On Thursday, September 28, GameStop (GME.N) announced the appointment of billionaire Ryan Cohen as both its CEO and chairman, further solidifying the activist investor’s control over the struggling physical video game retailer that he aims to revitalize.
In premarket trading, the company’s shares surged by 10%. The stock has experienced significant volatility since 2021 when retail investors rallied to increase its value in a bid to challenge hedge funds’ pessimistic predictions about GameStop’s future.
Cohen, GameStop’s most significant investor, has served on the board for over two years and took on the role of executive chairman in June following the removal of former CEO Matt Furlong.
GameStop has announced that Cohen will step down from his executive chairman position and will not receive any compensation for his new position.
Cohen joined GameStop’s board after successfully building the online pet products retailer Chewy into a highly successful venture, eventually selling it for $3.5 billion in 2017.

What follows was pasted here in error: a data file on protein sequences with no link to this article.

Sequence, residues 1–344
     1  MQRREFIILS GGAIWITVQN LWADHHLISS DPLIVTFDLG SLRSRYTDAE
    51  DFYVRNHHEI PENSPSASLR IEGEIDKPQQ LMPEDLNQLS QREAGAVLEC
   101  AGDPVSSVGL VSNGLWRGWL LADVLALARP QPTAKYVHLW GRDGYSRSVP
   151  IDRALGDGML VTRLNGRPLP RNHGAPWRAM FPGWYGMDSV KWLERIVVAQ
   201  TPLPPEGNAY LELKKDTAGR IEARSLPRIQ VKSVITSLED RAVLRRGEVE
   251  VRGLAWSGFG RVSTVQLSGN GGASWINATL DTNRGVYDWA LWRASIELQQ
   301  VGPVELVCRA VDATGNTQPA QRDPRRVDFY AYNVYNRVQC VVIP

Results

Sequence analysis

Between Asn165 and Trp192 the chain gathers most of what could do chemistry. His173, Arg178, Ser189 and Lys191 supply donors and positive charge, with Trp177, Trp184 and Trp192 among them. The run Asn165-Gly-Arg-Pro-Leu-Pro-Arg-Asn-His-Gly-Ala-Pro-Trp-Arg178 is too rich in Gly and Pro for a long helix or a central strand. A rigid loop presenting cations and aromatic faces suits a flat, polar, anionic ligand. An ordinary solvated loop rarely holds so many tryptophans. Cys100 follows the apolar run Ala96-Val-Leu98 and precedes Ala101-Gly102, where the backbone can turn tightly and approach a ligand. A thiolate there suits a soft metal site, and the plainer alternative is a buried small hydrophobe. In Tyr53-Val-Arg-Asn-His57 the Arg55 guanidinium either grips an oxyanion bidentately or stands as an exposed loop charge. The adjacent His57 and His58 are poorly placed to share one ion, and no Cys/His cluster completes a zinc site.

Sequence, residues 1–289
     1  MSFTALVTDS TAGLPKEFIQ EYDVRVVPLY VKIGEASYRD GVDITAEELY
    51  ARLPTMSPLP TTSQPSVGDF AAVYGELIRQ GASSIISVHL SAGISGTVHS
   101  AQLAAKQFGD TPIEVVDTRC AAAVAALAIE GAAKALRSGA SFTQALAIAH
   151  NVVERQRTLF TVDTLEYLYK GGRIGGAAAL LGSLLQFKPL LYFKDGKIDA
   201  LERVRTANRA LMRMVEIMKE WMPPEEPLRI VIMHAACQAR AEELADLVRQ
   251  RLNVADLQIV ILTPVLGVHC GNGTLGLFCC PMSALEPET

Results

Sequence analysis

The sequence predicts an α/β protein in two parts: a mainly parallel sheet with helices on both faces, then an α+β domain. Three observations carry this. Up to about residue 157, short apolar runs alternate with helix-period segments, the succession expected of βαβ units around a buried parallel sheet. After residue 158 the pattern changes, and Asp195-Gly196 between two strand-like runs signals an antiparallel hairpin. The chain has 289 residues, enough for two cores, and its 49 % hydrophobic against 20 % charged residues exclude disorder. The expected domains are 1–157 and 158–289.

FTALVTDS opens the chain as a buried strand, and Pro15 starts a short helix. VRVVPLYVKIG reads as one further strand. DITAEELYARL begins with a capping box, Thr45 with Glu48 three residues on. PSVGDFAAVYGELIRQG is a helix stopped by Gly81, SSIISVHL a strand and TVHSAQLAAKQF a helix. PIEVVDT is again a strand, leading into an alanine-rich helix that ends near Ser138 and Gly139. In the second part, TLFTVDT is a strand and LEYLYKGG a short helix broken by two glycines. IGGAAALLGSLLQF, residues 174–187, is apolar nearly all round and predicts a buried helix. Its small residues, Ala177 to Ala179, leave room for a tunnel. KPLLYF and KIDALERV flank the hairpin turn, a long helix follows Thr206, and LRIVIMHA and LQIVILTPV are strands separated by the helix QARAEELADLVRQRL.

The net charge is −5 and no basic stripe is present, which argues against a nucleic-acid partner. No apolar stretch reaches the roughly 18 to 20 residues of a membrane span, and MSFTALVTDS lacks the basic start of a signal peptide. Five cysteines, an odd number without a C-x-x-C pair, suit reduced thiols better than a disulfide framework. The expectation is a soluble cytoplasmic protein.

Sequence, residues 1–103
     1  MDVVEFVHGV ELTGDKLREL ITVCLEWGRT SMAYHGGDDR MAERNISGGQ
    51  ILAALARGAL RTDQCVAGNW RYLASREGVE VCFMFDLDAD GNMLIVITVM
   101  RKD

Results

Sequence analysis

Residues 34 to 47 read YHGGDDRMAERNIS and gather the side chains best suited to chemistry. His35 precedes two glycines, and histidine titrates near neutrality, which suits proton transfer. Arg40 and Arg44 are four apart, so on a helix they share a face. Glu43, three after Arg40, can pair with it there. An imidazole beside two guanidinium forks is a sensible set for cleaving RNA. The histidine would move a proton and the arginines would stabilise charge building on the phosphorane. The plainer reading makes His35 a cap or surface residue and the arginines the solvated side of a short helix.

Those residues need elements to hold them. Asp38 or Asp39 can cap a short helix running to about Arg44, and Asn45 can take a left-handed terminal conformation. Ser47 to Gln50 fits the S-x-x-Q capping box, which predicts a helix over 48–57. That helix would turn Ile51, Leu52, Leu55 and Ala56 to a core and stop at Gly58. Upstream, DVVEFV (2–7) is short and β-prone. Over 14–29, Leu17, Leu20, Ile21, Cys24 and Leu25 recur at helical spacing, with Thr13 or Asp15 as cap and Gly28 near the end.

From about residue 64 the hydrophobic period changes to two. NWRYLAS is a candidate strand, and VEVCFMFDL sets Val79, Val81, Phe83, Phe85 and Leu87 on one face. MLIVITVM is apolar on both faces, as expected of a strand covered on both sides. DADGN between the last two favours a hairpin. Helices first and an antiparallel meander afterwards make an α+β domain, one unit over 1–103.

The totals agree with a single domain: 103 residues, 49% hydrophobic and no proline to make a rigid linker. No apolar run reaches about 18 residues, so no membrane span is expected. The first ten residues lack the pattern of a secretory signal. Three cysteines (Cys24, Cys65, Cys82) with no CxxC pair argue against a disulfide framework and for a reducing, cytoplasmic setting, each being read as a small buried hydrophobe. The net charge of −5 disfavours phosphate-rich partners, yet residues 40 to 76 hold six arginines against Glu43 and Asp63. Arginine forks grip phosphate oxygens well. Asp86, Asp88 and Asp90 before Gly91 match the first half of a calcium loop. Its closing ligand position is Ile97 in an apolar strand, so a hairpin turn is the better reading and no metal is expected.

Initially, the billionaire had pushed for GameStop to transition aggressively toward an online-centric business model, especially as the company, heavily reliant on physical stores, sought to rejuvenate its operations.
However, he has revised some of those e-commerce strategies, placing increased emphasis on GameStop’s physical stores and utilizing them as convenient locations for customers to retrieve online orders.
The recent quarterly financial results from the company, released earlier this month, indicated that this approach was yielding positive results. Strong demand for video games, collectibles, and gaming consoles contributed to GameStop reporting a loss smaller than anticipated and surpassing revenue expectations.
However, there are concerns among analysts regarding the sluggish pace of transformation at GameStop and Ryan Cohen’s mixed track record as an activist investor in companies he has targeted, such as Bed Bath & Beyond and Nordstrom (JWN.N).
The company has witnessed a series of executive departures in recent years, including the departure of former Chief Operating Officer Jenna Owens in October 2021, just seven months after her appointment.
Former Chief Financial Officer Michael Recupero, who was brought in around the same time as Matt Furlong, was let go last year.
Since reaching its all-time high in 2021, the video game retailer‘s shares have experienced a decline of more than 80%, including a 7% drop this year.
Reported by Aditya Soni in Bengaluru; Edited by Arun Koyyur